The green Ampelmann – Green man on the pedestrian light
-you wait, alongside hundreds of other people, until a traffic light turns green, even if there’s no car in sight. You wait patiently to cross the street when the little man is red, because you are afraid that some old lady might start scolding if you don't.
Recycling is life
-you start removing the label and staple on your tea bag because they have to respectively go into the paper and metal recycling bin, collect empty glass bottles and jars to take them to the big glass containers or wash out yogurt cups so they can be properly recycled.
-you have no problem with public nudity and actually contemplate going to a nudist beach this summer. You are no longer surprised to find porn magazines in supermarkets, gas stations and next to children’s items, or sex shops next to children’s toy stores in malls or pedestrian areas. Naked boobs on TV are perfectly normal.
-you don't change the radio station when techno comes on, because you know it's on all the other stations, too. You don’t bother trying to find country music stations since they are almost non-existent in Germany.
Kehrwoche is law
-you sweep the sidewalk and stairway on a strict schedule and have no problem shoveling snow in front of your house at 5am.
Quiet hours on Sundays and at lunch time
-you don’t mind that stores in your village close for lunch; you keep quiet at home between 9pm and 8am to avoid disturbing the neighbors. You have also taught your dog to keep quiet during the rest hours to avoid getting fined, and you can't imagine washing your car or mowing your lawn on Sundays.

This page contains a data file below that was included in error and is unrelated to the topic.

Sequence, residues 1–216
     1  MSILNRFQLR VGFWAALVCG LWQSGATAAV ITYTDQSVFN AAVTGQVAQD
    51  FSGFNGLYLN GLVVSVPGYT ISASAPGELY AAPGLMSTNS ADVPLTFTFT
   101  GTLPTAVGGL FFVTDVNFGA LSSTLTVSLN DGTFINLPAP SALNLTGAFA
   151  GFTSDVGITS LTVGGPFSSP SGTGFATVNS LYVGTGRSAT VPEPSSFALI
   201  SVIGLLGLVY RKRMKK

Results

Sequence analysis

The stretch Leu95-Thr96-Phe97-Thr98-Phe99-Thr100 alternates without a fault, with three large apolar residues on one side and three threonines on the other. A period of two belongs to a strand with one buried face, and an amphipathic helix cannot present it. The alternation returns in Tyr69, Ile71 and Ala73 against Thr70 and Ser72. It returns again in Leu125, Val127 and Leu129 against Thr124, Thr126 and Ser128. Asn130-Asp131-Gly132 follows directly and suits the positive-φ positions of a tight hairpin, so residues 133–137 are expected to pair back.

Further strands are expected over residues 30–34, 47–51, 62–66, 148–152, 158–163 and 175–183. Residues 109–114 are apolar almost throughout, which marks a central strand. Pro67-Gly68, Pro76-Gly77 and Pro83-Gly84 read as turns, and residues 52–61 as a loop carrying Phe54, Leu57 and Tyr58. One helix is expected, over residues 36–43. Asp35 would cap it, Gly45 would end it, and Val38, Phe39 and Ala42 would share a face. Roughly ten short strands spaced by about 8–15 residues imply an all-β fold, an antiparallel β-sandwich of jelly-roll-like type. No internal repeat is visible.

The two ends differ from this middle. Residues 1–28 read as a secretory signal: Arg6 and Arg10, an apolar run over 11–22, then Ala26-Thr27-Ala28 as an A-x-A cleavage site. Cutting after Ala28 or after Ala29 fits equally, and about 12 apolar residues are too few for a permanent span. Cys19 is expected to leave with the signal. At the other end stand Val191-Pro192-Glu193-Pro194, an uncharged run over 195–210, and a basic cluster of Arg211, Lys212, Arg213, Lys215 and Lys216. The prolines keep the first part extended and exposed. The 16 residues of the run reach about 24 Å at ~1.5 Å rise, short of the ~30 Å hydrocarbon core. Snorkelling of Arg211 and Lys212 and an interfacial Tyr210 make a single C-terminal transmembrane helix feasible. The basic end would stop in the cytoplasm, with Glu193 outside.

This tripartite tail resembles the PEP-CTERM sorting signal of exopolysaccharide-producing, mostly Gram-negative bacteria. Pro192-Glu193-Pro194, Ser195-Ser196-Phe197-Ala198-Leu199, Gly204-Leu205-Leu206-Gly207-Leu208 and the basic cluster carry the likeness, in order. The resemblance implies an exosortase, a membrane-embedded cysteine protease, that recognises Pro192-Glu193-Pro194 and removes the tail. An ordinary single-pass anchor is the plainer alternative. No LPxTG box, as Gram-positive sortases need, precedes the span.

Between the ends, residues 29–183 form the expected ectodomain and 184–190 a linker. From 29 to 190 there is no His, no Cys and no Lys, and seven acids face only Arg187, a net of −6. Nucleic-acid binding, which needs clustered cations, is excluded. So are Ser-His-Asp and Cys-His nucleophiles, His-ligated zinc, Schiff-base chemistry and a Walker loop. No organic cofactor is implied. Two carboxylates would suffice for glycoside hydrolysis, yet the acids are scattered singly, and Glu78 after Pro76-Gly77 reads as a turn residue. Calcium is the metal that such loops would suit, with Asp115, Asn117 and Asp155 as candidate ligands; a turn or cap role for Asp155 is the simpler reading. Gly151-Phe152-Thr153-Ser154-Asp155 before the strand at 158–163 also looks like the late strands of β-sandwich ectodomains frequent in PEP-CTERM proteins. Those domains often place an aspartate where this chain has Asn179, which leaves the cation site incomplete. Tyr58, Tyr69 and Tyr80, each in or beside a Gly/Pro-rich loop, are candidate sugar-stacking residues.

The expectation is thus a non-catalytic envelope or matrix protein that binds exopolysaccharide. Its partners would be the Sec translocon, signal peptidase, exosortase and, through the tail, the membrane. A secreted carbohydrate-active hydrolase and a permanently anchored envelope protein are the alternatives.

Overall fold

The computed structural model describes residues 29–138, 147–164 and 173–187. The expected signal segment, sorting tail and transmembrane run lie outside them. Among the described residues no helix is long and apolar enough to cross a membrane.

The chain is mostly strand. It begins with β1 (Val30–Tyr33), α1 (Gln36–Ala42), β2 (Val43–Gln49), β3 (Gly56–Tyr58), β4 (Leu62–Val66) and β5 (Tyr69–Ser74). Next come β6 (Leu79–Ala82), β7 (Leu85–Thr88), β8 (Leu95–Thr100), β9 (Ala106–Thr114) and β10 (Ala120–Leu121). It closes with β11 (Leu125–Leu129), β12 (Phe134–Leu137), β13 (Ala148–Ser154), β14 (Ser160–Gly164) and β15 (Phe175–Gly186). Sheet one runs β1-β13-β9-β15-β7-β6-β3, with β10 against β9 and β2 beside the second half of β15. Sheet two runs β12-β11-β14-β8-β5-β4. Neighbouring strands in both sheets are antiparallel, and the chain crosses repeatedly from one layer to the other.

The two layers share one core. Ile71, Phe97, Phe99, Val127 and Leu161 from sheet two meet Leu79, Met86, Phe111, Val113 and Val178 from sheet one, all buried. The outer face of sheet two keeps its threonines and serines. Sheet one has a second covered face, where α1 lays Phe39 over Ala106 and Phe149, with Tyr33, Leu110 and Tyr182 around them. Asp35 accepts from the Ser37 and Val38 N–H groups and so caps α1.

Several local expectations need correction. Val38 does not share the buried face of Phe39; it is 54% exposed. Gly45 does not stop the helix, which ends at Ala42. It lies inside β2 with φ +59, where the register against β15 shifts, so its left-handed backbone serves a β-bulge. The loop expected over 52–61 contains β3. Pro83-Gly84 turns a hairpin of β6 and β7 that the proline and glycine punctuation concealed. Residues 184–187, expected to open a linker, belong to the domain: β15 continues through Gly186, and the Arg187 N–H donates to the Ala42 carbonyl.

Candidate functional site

The dreaded Speedo
-you see even the hairiest German men with the worst sunburns and the biggest beer bellies love their teeny-tiny swimming briefs. They wear them at the beach, with shoes and socks at resorts, and, if they’re feeling fancy, with t-shirts while lounging at the pool or out on Saturdays mowing their lawns. Some Germans can be convinced to don more modest beachwear, but for most, there’s no convincing them that less is not more.
The 4pm kaffee und kuchen time is sacred
-you learn coffee is not only a beverage to be enjoyed in the morning. It doesn’t matter what else is going on – everything is put on pause for the traditional coffee-and-cake break in the late afternoon. At this time, you’re reminded of exactly why it is a great idea to be dating or be married to a German: nationwide permission to have dessert before dinner.
NUTELLA IS LIFE, in fact all German chocolate is awesome
-you can no longer indulge in a HERSHEY bar or Dove chocolate; once you have enjoyed the German chocolate and chocolate spreads there is no going back. You have started worshipping the purple cow or prefer your chocolate in square cubes.
The art of bread
-you’ve stopped defending the bread from your own country. Germans take their bread very seriously. It’s dark, crusty and robust with over 600 different kinds, ranging from dark, almost black, with an almost bitter aftertaste to white, fluffy and sweet. What Americans call bread is an abomination to them.
There is no Santa! Nikolaus is the guy in the red suit
-you know on December 6th Saint Nick may beat you with a bunch of twigs if you don’t behave. On this day, Germans celebrate Sankt Nikolaus Day. According to folklore, good kids get their stockings filled, bad kids get a bag of coal and a beating from good old Saint Nick. Well, at least you can recover with a mug of glühwein (mulled wine).
Knotted baked goods
-you may be used to soft, butter drenched Pretzels and mustard to dip it in, but once you have lived in Germany for a while, you learn Brezeln go with butter NOT mustard.
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